3. MBIE – was going to be ‘taking over’ in September or October, who knows what the progress of this is. Has only been involved in higher level stuff up until now despite supposedly being the lead agency and meant to be doing more from October, but they did have a hand in security arrangements. Their CEO is now in charge overall of the ‘All of Government Response’ – such as it is. 

4. Ministry of Health. From the get go, overwhelmed with mutiple operational tasks to do everything required of them. Probably quite predictable because they are not an operational ministry, they are a policy body. It’d be like getting the Ministry of Justice to do policing, or the Ministry of Defence to do combat operations! 

5. Private hotels – limited to providing the rooms, food and laundry. Contracted directly by the Ministry of Health in Wellington (skipping the regional coordination centres and local DHBs which causes significant friction). 

6. AVSEC – given a role to play early on in the piece because they had nothing else to do. They were responsible for two things – first was to capture all data on incoming travellers because customs / immigration and airlines would not share that info. So travellers would fill out an info sheet (manually, inevitably with errors), this would get scanned and then sent to a data entry team, who would enter it into an excel spreadsheet (again, manually, inevitably with errors) and then email it out to a gigantic distribution list. Massive privacy issues here, this has been tightened up somewhat, but it was a very wierd system. The second thing AvSec would do would be to provide 3 or 4 staff to each hotel as security. They are now withdrawing from this task.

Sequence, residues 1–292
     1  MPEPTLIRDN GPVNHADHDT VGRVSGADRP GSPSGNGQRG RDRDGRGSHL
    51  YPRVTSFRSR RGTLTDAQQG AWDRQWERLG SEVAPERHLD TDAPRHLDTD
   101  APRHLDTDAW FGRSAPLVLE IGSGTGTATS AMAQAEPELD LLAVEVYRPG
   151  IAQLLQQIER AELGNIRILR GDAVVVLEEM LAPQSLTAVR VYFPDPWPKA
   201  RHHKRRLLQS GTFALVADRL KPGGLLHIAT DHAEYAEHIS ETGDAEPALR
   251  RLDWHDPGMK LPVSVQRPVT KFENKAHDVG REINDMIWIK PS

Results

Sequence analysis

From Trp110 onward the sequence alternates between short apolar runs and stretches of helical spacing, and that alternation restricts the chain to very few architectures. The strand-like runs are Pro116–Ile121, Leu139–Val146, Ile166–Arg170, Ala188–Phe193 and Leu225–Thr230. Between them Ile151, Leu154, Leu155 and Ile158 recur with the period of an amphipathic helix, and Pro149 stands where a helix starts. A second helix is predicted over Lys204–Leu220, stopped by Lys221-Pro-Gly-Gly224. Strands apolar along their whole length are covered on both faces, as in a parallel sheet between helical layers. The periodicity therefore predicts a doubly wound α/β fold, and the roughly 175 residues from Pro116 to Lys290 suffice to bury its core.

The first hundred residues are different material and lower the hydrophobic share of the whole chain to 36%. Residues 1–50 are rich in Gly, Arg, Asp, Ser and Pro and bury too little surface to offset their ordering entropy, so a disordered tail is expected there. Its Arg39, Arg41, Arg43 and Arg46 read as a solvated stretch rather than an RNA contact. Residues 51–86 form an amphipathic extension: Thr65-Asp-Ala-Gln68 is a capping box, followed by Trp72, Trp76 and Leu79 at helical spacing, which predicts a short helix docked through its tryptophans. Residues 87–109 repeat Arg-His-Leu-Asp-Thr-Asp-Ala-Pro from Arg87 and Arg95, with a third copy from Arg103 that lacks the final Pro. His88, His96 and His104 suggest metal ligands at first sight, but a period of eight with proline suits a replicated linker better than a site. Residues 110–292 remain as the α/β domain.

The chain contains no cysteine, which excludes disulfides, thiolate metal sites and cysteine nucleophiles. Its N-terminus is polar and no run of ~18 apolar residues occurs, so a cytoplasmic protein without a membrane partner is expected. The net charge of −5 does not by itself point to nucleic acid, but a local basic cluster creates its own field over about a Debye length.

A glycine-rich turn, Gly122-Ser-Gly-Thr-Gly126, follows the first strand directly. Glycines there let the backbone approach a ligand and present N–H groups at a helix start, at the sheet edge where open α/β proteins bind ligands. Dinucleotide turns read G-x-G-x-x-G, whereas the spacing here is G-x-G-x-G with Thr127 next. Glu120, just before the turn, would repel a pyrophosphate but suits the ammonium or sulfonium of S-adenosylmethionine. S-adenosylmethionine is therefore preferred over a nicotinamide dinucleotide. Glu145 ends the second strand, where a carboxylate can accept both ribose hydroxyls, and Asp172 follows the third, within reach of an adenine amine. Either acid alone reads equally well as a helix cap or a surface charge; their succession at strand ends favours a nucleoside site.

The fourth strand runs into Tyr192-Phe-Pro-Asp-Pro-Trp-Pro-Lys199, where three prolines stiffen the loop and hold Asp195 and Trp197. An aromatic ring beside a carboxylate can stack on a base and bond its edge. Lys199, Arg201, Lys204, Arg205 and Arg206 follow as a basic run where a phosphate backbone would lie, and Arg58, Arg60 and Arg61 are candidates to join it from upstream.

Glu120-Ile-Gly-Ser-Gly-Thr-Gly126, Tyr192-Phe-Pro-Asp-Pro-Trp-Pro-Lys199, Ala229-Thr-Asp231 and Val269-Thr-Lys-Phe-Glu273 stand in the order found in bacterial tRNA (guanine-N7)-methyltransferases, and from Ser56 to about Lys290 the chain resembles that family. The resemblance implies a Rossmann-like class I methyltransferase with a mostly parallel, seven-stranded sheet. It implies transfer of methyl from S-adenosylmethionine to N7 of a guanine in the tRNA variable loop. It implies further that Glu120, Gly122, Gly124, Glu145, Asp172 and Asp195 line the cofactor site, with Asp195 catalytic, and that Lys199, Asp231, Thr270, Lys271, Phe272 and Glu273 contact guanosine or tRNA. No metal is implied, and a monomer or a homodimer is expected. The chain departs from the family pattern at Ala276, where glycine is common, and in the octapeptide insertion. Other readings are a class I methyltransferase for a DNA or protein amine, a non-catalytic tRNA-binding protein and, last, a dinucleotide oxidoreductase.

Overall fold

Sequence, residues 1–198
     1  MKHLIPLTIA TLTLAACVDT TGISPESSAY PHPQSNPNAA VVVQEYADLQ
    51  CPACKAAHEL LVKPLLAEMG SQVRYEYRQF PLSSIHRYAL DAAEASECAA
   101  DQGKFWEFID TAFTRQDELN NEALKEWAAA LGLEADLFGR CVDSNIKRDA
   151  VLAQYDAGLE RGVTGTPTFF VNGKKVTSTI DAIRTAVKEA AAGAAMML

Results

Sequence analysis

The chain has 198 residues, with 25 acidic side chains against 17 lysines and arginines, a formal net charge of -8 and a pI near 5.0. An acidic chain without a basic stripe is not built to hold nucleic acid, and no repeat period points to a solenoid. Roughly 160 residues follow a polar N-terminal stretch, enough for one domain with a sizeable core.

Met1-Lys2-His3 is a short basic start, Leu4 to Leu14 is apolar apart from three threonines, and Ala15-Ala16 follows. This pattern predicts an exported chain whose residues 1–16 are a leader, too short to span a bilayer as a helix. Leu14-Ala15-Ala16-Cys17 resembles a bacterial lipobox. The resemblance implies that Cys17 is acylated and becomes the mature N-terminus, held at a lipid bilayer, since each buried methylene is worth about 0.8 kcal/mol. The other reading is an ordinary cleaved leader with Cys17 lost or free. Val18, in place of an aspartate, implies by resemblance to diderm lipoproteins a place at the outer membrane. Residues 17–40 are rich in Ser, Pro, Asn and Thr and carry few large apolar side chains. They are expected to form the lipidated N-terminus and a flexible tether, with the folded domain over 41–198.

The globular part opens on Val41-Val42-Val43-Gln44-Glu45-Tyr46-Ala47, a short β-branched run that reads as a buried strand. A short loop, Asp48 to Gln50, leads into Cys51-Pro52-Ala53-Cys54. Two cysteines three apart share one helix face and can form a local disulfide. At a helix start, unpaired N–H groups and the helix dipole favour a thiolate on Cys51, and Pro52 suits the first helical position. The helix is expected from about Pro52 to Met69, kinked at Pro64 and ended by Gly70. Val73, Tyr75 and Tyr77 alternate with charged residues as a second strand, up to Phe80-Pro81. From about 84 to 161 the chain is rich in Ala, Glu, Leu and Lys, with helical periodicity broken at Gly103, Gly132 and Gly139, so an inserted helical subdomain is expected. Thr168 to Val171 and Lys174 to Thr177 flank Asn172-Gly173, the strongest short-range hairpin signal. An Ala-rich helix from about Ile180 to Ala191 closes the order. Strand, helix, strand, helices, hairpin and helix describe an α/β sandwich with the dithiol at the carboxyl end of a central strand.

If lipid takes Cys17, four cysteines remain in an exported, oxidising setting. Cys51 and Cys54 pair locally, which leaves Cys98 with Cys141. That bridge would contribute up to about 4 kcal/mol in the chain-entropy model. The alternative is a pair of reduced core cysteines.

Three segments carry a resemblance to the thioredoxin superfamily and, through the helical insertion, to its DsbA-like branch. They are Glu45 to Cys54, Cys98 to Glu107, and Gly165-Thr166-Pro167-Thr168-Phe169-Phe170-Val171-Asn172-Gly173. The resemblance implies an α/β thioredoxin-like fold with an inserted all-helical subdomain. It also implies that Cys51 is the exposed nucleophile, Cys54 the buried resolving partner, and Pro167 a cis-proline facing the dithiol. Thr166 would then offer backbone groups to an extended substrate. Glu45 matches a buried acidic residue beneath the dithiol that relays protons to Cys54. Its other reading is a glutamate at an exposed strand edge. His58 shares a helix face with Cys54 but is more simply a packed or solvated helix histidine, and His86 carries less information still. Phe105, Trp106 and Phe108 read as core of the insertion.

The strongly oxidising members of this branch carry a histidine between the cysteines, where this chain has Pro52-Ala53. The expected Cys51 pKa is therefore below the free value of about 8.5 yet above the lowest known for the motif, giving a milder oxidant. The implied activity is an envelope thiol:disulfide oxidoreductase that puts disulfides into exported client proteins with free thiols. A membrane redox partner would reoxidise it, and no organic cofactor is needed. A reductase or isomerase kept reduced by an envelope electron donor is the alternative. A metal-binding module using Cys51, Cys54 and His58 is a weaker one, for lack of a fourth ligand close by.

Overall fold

7. Private security companies. Variously contracted to do various things by each individual hotel, or by the DHB, or by MBIE. Basically to supplement AvSec, with varying standards of professionalism and competence. Now being replaced by NZDF.

8. Airlines. Air NZ would be contracted to charter flights between Auckland, Christchurch and Wellington up to two or three times a day. Multiple international flights into Auckland could not be mixed into a single ‘domestic transfer’ to another city, so sometimes there’d be only 20 or 30 people on an entire charter – costing about $30k a pop. They also needed a charter to return to Auckland at the end of their 14 days – huge costs!